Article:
As mentioned here and here, you can, sometimes, arrange regular polygons in regular rings.
If n is even, then n regular n-gons can be placed in a ring with each n-gon centered at the vertex of a another regular n-gon, where there are m = (n - 4)/2 edges between adjacent edges of the adjacent n-gons.
For example, squares can form a ring around a square, skipping no edges, while hexagons can form a ring around a hexagon, skipping one edge along the interior of the ring between adjacent hexagons.
Things look a bit more interesting for octagons and decagons, which due to the skipping of edges form a star shape.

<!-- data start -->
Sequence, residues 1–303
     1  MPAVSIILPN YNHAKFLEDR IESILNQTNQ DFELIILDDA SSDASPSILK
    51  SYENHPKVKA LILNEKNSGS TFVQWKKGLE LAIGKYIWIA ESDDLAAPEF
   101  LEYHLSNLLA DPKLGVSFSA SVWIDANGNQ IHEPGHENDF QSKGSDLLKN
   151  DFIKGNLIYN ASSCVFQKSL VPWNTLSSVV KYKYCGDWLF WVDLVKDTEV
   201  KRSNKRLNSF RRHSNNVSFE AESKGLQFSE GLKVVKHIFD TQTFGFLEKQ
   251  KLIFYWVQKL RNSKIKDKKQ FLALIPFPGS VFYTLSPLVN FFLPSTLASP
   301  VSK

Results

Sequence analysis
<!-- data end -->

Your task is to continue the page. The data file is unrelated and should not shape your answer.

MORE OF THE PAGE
So if a regular n-gon can form a ring around another regular n-gon, what happens if you make rings out of those (i.e. make a ring out of the red rings above)?
For n = 4 or 6, you get a tessellation - the small squares or hexagons will neatly fit up against each other and tile the plane (if you keep going). For n = 8, the octagons form patterns like this.
If we only show the initial small octagons, we get the pattern below, where the small octagons do not overlap, but form a nice pattern with various star-shaped holes.
We can only do one ring of rings of decagons before they start to overlap. In the ring of rings of decagons below, some edges of the secondary decagons were left in, for aesthetic effect.